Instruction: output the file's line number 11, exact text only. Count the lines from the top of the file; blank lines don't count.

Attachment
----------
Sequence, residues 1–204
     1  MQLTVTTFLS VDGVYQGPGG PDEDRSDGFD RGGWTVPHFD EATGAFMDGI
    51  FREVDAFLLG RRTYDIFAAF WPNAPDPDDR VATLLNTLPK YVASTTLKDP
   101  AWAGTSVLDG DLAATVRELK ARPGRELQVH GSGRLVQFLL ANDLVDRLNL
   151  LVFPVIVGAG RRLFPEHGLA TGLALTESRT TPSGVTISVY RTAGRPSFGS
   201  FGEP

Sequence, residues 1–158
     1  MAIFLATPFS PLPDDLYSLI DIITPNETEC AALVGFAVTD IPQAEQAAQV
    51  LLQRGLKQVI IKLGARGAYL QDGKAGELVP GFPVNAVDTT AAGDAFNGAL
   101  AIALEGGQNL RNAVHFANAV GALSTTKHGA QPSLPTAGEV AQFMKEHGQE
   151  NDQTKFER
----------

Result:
   151  NDQTKFER